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Examining the effect of a paradigm-relatedness problem framing tool on idea generation
Annual Meeting of American Society of Engineering Education (2017)
  • Amy Rechkemmer, University of Michigan-Ann Arbor
  • Maya Makhlouf, University of Michigan-Ann Arbor
  • Jennifer Wenger, University of Michigan-Ann Arbor
  • Eli Silk, University of Michigan - Ann Arbor
  • Shanna Daly, University of Michigan - Ann Arbor
  • Seda McKilligan, Iowa State University
  • Kathryn Jablokow, Pennsylvania State University
Abstract
Considering a wide range of ideas is crucial for engineers as they seek to solve complex
problems. Paradigm-relatedness is one dimension on which ideas can range from more
incremental—ideas that refine and improve existing solutions—to more radical—ideas that
approach a problem from a new perspective or seemingly unrelated angle. We developed a tool
that consists of a set of framing strategies an engineer can apply to a design task to assist in
generating ideas that differ from their initial ideas. We created two versions of the tool—one
with an incremental set of framing strategies and another with a radical set. We explored whether
the framing tool impacted the paradigm-relatedness of ideas generated in conceptual design
sessions. Forty-five students attending a summer engineering outreach program participated in
the study. Participants were given a problem statement and generated ideas initially without the
tool and then with the version of the tool of their choosing. Post hoc, we coded each idea as more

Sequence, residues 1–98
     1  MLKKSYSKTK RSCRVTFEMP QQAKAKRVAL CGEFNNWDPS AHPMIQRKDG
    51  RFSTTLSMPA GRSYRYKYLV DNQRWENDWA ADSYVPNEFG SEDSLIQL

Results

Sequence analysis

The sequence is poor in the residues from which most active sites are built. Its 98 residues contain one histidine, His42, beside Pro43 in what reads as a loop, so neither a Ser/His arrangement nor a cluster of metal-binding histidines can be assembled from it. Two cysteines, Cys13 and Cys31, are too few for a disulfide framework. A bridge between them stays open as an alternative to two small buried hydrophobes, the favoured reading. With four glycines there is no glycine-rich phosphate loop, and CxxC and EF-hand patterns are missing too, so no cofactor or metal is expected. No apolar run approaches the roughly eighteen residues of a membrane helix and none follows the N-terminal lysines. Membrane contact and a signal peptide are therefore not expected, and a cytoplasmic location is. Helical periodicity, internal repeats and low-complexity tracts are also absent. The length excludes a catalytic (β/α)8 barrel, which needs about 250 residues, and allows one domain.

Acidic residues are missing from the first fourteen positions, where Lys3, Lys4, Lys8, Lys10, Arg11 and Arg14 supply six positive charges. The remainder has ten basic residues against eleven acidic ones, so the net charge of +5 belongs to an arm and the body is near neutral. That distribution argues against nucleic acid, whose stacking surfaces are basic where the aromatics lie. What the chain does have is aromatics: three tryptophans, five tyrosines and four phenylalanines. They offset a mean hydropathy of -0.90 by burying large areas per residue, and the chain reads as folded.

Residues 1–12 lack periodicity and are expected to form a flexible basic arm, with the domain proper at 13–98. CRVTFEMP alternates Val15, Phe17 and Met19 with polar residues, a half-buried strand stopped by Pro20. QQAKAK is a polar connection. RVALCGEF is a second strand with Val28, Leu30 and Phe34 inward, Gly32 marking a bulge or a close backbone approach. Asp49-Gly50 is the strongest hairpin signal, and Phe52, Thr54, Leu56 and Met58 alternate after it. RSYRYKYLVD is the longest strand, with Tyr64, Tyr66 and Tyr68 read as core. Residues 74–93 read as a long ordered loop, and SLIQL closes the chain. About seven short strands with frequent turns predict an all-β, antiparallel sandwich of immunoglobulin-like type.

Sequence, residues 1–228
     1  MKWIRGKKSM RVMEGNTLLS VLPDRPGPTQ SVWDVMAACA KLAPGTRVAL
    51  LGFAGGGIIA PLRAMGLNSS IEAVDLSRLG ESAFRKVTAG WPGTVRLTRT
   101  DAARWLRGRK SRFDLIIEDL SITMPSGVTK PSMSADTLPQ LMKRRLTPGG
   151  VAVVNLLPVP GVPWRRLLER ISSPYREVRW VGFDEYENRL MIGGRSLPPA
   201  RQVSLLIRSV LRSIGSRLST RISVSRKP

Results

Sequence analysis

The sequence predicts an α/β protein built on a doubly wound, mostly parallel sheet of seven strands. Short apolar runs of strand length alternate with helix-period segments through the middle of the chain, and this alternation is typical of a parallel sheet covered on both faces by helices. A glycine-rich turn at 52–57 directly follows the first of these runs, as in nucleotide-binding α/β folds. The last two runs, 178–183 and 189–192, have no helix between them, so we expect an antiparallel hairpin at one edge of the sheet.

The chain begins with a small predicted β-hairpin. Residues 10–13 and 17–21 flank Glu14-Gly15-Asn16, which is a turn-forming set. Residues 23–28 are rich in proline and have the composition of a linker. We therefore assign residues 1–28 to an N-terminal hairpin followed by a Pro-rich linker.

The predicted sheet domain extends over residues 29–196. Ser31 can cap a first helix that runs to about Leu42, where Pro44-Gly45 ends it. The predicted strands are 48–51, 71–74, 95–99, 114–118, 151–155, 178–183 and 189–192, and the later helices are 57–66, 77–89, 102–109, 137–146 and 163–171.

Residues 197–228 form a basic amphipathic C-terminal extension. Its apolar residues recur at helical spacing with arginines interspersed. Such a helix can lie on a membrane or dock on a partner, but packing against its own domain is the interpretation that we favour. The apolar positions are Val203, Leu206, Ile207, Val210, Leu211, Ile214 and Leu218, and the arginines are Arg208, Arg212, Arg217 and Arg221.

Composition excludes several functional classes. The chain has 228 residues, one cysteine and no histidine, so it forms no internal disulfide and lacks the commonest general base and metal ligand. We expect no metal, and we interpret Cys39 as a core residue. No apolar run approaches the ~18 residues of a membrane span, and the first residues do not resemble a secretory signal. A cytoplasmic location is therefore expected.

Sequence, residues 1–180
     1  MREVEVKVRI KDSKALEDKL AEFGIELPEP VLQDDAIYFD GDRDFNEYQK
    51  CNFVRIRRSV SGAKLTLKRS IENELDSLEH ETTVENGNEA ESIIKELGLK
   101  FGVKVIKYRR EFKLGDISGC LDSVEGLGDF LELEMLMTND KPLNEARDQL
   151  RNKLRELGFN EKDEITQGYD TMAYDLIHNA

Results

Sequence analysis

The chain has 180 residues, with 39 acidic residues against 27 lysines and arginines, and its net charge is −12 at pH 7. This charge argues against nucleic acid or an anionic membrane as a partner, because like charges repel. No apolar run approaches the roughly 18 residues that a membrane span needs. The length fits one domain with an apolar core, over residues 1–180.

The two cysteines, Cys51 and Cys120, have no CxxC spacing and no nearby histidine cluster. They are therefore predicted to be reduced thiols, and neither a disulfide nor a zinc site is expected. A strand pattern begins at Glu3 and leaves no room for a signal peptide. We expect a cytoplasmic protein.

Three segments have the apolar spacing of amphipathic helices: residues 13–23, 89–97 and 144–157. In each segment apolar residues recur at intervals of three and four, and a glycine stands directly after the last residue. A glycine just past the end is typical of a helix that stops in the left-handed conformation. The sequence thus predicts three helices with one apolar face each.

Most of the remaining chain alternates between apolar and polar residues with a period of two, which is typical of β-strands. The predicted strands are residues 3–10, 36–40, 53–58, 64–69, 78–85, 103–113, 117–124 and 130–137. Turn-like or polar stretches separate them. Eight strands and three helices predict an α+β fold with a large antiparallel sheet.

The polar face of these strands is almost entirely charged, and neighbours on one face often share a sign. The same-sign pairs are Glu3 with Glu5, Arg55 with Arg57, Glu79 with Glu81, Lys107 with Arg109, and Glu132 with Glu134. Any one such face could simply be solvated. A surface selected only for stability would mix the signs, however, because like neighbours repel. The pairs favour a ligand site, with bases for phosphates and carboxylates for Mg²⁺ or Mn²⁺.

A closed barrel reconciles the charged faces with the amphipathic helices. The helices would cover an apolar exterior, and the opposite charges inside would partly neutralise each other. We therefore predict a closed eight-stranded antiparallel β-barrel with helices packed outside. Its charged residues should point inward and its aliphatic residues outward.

incremental or more radical on a four-point scale and examined the change in ideas between the
first ideation session and the second. It was found that 73% of the participants chose the framing
tool version we would have assigned to them based on our coding of their initial ideas. All of
these participants exhibited a shift in the predicted paradigm-relatedness direction, providing
support for the overall effectiveness of the tool. However, some participants selected a version of
the tool that was not consistent with our intended use of the tool, and this happened more often
with the incremental version of the tool. Those participants were inconsistent in shifting their
ideas. Case examples were explored to gain insight into the ways in which the tool was effective
as well as how it could be improved.
Publication Date
Summer June, 2017
Citation Information
Amy Rechkemmer, Maya Makhlouf, Jennifer Wenger, Eli Silk, et al.. "Examining the effect of a paradigm-relatedness problem framing tool on idea generation" Annual Meeting of American Society of Engineering Education (2017)
Available at: http://works.bepress.com/seda-yilmaz/25/